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Stephen Lawrence Day: How Can We Reflect and Take Action for Change?"

Stephen Lawrence Day is a national day of remembrance in the United Kingdom, held on April 22 each year. The day honours the life and legacy of Stephen Lawrence, a black British teenager who was murdered in a racially motivated attack in 1993.

In Scotland, the day has significant implications for policing. Police Scotland has acknowledged that it is Institutionally Racist, and there is still work to be done to address issues of racism and discrimination within the police force. This includes increasing the diversity of police officers and staff, improving training on unconscious biases, and ensuring that complaints of discrimination are taken seriously and dealt with promptly.

The antiracism movement is about acknowledging the systemic injustices that have plagued our societies for far too long. It is about recognising every human's inherent dignity and worth, regardless of race or ethnicity. It is about standing up for what is right, even in the face of opposition and adversity. 

The movement is a call to action, a demand for change, and a commitment to creating a more equitable and just world. It is about working together to dismantle the centuries-old structures of oppression and build a future where everyone is truly free and equal.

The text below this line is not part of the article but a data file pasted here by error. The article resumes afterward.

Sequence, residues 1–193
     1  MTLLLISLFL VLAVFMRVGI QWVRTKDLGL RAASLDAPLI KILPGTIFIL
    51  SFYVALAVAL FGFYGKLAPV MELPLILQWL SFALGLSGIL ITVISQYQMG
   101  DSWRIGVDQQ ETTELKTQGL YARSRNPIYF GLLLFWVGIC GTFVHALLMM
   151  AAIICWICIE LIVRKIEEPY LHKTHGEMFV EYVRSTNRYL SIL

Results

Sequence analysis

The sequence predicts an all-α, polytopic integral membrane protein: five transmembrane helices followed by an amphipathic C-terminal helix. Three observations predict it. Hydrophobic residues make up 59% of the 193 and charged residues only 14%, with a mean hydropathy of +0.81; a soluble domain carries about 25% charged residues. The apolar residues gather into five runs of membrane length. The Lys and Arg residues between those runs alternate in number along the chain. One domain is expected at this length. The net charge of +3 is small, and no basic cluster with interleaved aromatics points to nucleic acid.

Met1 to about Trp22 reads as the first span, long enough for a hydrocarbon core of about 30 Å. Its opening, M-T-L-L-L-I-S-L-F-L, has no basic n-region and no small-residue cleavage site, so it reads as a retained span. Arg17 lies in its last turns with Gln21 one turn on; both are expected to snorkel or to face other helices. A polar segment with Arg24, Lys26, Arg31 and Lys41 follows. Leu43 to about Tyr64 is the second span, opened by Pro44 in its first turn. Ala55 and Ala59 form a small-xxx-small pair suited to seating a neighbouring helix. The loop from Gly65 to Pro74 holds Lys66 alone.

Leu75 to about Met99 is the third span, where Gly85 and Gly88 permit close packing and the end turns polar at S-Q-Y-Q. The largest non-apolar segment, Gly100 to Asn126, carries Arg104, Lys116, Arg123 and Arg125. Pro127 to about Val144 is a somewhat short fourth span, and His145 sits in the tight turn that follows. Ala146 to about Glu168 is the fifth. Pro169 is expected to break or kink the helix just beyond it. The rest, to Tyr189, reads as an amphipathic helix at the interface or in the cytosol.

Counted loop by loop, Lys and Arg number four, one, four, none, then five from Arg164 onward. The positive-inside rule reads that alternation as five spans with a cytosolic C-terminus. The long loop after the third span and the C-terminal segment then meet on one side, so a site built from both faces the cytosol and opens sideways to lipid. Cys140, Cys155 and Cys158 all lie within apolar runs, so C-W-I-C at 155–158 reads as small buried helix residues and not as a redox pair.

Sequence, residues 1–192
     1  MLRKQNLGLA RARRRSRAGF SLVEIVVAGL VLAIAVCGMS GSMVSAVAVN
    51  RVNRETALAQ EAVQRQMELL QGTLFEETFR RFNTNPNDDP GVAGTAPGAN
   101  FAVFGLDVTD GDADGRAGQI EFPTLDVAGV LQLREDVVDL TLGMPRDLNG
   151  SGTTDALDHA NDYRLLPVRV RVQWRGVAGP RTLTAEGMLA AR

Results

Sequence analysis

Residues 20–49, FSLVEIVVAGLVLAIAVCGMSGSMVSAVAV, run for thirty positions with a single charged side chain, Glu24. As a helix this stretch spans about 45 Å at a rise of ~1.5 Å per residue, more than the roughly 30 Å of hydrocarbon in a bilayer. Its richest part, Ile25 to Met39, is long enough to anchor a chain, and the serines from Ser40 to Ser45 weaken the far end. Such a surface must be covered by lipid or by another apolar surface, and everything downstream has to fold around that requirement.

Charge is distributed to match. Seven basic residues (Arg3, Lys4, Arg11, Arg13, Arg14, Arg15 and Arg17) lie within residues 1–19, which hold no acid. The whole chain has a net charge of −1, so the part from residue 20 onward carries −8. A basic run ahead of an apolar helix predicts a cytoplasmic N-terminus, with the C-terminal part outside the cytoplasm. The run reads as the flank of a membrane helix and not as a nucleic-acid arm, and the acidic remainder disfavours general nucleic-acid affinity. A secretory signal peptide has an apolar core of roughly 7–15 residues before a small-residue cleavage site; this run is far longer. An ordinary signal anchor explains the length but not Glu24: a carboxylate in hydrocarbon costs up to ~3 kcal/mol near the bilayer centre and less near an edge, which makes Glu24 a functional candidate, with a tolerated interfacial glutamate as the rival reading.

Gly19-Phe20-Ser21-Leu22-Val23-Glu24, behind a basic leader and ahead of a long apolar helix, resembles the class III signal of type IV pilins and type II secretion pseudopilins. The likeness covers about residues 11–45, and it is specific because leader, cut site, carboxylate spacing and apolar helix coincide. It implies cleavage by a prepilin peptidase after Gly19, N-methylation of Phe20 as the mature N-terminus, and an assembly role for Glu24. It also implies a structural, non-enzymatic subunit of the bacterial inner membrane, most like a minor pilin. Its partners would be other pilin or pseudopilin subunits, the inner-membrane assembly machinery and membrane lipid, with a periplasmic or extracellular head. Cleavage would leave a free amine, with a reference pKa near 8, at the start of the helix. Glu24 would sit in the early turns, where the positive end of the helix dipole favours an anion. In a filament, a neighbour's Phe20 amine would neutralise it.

It is not enough to say that we are not racist - we must actively work to be antiracist, to challenge racism wherever we see it, and to create a world where diversity is celebrated and embraced.

The antiracism movement is about hope, the belief that we can make a better world for ourselves and a better working environment for future generations of Police Officers.

Our inception was on the heels of the McPherson Report on the inquiry into the death of black teenager Stephen Lawrence; with its criticism of a culture of "institutionalised racism", police forces throughout the UK had a long, hard look at their attitude towards the minority ethnic population.

In organisations with transient leadership and post-rotation, each generation must take responsibility to ensure that the next generation remembers the lessons learned and continues to build and improve on the work done before them. It is a responsibility that should not be taken lightly, as it requires a commitment to passing down knowledge, skills, and values that promote growth and progress. Every generation has the opportunity to impact the world positively, and it is up to us to take that opportunity and make the most of it.

By actively working to create a culture of continuous improvement, we can ensure that our organisation thrives and that the next generation is equipped to take on new challenges and build upon past successes. 

Stephen Lawrence Day reminds us of the ongoing struggle for racial justice and equality in the UK and beyond. By using the day as an opportunity for reflection and action, policing in Scotland can play a vital role in promoting these values and building a more just and equitable society.

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